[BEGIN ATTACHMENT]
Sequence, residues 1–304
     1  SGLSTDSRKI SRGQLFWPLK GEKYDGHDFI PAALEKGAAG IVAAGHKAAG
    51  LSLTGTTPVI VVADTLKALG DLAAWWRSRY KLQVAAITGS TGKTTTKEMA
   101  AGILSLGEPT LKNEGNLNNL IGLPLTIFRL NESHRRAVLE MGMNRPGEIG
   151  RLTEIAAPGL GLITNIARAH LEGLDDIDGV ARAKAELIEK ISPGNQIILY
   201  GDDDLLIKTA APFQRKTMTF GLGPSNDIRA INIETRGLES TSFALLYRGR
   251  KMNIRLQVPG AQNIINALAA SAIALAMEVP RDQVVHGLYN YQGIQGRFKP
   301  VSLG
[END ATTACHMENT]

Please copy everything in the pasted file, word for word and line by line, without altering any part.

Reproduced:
Sequence, residues 1–304
     1  SGLSTDSRKI SRGQLFWPLK GEKYDGHDFI PAALEKGAAG IVAAGHKAAG
    51  LSLTGTTPVI VVADTLKALG DLAAWWRSRY KLQVAAITGS TGKTTTKEMA
   101  AGILSLGEPT LKNEGNLNNL IGLPLTIFRL NESHRRAVLE MGMNRPGEIG
   151  RLTEIAAPGL GLITNIARAH LEGLDDIDGV ARAKAELIEK ISPGNQIILY
   201  GDDDLLIKTA APFQRKTMTF GLGPSNDIRA INIETRGLES TSFALLYRGR
   251  KMNIRLQVPG AQNIINALAA SAIALAMEVP RDQVVHGLYN YQGIQGRFKP
   301  VSLG